Victor Flores, Harvard University
Academic Year 2013-14
“As a new DREAM volunteer, I have been welcomed into one of the communities that the DREAM Project serves. DREAM is a flexible space for me to grow and pursue my passion to serve youth and their families. Specifically, I have the opportunity to collaborate with passionate co-workers through trainings on classroom instructions and discussions on performance management of the organization itself.”
Alexander Fønnebø, University of Tromsø
Fall Term 2013
“The work I have been doing for DREAM has taught me a lot. First of all, it has been a cultural learning experience but I have also grown a lot as a person with the responsibility that follows work like this. I am also making good progress to learn a new language. I am very open to come back and work for an organization like DREAM. It is important work and it motivates me.”
Lisandro José M. Luciano, University of Tromsø
Fall Term 2013
“With DREAM I have learned to be professional and learned how different people can live and that all the material things that I appreciate and things of life important to me might be just a wish or a dream for some people in other countries. I also learn more about my own culture and people. I’ve learned how to communicate with kids and parents. DREAM gave me opportunities to get to know my inner-self.”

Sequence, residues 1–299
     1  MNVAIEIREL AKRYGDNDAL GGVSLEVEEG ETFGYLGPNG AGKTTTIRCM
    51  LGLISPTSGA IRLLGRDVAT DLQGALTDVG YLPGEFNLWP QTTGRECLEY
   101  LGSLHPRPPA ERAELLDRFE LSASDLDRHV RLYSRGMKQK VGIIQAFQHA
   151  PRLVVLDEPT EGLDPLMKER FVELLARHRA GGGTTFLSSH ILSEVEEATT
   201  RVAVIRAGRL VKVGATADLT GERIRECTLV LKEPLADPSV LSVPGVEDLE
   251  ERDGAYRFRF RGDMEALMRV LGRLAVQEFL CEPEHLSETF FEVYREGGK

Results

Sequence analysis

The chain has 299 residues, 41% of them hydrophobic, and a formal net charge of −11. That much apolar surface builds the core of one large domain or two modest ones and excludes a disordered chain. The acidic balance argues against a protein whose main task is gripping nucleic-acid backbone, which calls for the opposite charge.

Stian S. Smørsting, University of Tromsø
Fall Term 2013
“I came into the work with DREAM and had good expectations. DREAM made a lot of those expectations come true. I developed myself as a person, I’ve learned how to appreciate the little things and to be more open to other people and cultures. I’ve learned to be more confident talking to bigger crowds and how to take control. Thanks for a great semester, DREAM! Can’t wait to come back.”
Debra Angely, Columbia Teachers College
Academic Year 2012-13
“When I started at DREAM I began my volunteer work in the public library program, the only children’s library on the North Coast of the country. Along with a co-librarian, I worked to facilitate a book club, reading competitions, and an after-school study group with high school students. We spent a lot of time helping families new to the center navigate their way around and check out books. As the year progressed and I learned more about the programs DREAM offered, I grew an interest in working with the Montessori school…” Read More